The release then digresses into details about Ocean Fund's plans to spend $100 million to build out the fiber-optic infrastructure of Tijuana, Mexico.
Starwood's Gallagher said the release contains typos and misspellings, including a reference to the riverboat casino Glory of Roam, which Starwood traditionally refers to as the Glory of Rome.
A Sex.com competitor in the online adult industry dismissed the release as nothing more than a cheap publicity stunt.
"Are you writing an article about it?" said Seth Warshavsky, CEO of the Internet Entertainment Group, which operates several adult sites. "That's the motivation. The whole thing is complete bullshit. He doesn't have the money."
Warshavky's company is helping to fund the domain dispute lawsuit against Sex.com.
This isn't the first time that a venture involving Cohen and touting Sex.com as a resource has made a bid for a Nevada landmark.
In January 1996, Cohen and a group of four Orange County, California, entrepreneurs unveiled a bid to buy a Nevada brothel called Sheri's Ranch. They planned to transform it into a $100 million "adult fantasy resort."
Named Wanaleiya, the Polynesian-themed resort would feature 500 exotic women who "would not hesitate to see to your comfort and pleasure." To finance the dream, the parent company, which Cohen called Sporting Houses Management Corporation, would sell shares to the public. It posted the prospectus for its offering on Sex.com.
Cohen had taken control of the domain in late 1995, shortly after he was released from the federal prison in Lompoc, California.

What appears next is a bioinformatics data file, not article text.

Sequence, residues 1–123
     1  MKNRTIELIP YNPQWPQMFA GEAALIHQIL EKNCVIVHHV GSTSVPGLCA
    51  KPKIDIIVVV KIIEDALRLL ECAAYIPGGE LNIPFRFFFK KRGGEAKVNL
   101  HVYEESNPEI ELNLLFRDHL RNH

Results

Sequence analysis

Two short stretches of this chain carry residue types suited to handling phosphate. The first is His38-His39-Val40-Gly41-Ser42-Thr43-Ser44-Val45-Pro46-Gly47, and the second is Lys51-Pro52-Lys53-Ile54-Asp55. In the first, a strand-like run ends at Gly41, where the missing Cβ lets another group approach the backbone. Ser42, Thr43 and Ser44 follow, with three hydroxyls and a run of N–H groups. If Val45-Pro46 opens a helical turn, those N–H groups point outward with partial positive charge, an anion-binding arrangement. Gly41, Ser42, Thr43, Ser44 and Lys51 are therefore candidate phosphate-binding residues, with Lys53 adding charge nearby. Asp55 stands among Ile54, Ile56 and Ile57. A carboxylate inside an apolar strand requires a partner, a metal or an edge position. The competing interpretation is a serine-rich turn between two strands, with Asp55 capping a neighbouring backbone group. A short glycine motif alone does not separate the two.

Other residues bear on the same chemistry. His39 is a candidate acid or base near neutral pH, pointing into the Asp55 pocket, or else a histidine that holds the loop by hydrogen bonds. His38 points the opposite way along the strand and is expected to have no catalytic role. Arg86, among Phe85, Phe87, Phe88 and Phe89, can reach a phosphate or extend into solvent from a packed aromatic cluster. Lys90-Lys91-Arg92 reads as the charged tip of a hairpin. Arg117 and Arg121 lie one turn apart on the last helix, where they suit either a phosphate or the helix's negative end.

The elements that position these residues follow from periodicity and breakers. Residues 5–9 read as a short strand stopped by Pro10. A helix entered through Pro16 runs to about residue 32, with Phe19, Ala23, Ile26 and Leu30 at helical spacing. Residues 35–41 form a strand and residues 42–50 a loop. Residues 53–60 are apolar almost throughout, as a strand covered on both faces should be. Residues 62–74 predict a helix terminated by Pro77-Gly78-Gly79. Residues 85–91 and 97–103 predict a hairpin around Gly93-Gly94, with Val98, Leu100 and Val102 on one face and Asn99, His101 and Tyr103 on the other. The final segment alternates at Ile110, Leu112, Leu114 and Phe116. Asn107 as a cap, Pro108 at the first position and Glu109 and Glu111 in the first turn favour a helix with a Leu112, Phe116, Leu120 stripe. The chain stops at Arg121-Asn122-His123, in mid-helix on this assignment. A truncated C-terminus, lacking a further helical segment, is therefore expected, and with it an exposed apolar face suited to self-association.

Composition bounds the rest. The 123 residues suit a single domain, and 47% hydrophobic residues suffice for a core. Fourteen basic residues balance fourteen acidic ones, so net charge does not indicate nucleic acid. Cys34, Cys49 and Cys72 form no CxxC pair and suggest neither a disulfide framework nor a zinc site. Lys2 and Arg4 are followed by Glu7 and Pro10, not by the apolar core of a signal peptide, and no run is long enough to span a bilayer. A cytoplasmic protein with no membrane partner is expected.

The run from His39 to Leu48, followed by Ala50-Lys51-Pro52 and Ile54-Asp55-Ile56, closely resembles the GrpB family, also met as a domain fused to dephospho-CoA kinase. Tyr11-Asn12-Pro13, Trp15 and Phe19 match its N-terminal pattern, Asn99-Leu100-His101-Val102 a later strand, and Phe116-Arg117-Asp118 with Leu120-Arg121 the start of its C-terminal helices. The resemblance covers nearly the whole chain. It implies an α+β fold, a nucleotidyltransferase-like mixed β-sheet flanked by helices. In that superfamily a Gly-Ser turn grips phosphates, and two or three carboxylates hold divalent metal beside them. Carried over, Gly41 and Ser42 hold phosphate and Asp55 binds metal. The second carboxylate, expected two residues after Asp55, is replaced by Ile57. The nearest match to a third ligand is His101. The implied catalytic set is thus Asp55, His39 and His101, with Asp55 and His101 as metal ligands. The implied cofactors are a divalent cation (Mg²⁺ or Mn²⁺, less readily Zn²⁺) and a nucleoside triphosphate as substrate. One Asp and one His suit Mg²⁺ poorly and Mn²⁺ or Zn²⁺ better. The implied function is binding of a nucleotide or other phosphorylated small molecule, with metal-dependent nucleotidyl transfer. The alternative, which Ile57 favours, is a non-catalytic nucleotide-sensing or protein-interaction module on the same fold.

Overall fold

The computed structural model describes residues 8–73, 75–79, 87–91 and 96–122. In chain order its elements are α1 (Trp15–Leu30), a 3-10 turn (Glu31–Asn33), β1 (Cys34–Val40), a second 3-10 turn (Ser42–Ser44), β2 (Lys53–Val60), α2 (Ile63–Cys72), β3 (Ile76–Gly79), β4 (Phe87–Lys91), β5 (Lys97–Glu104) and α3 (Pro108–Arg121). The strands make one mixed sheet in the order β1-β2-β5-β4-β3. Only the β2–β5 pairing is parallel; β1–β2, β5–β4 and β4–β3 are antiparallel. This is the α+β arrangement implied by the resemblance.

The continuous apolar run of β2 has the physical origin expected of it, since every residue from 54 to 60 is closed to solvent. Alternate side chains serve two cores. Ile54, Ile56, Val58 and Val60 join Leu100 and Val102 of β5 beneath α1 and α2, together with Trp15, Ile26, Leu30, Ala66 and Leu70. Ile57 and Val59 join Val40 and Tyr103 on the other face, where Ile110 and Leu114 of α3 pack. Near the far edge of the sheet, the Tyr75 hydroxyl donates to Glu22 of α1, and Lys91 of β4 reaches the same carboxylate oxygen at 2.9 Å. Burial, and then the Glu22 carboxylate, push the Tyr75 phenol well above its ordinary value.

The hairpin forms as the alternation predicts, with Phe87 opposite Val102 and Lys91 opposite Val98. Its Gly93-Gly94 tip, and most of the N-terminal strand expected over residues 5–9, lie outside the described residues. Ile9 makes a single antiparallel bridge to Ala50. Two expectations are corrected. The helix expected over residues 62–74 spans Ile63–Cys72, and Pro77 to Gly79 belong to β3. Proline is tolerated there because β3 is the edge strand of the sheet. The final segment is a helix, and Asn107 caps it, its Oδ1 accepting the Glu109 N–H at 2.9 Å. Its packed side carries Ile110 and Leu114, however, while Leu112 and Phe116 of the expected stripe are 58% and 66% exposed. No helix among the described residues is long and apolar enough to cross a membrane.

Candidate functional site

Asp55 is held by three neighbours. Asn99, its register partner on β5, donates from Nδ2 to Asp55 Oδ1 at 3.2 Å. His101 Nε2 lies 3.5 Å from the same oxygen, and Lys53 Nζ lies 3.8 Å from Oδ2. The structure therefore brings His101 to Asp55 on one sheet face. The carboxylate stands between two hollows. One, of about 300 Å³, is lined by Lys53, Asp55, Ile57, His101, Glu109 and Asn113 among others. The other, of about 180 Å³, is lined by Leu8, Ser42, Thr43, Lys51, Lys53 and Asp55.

Gary Kremen, the man who claims to be the original owner of Sex.com, sued Cohen and Ocean Fund in 1998 to regain control of the domain.
Cohen allegedly pulled off the domain heist with a forged letter, dated 15 October 1995, to Network Solutions, the Net's registrar. According to Kremen, Cohen duped Network Solutions by ginning up a memo on phony letterhead from a bogus executive at Kremen's company, Online Classifieds, authorizing transfer of Sex.com to Cohen.
According to the US District Court in San Jose, jury selection for the case will begin in June of 2000.
Cohen was convicted in 1991 for posing as a lawyer in a bankruptcy court in a scheme to bilk an elderly woman's creditors out of $200,000. According to court records, Cohen assumed the identity of several attorneys, forged phony deeds and cashier's checks, and attempted to hide the woman's assets.
In 1975, he was found guilty of grand theft and check kiting.
Cohen's big plans for Wanaleiya fell through. According to people familiar with the matter, neither the owner of Sheri's Ranch nor any other brothel owner in Nevada would sell out to the California upstarts.
"They wanted to open the Caesar's Palace of brothels," said one brothel owner who declined to be identified. "But they didn't know their ass from a hole in the ground. It was a little bit like me deciding to build an atom bomb when all I've got is the casing."
Thereafter, Cohen devoted his efforts to building out the Sex.com domain, ownership of which he subsequently transferred to Ocean Fund.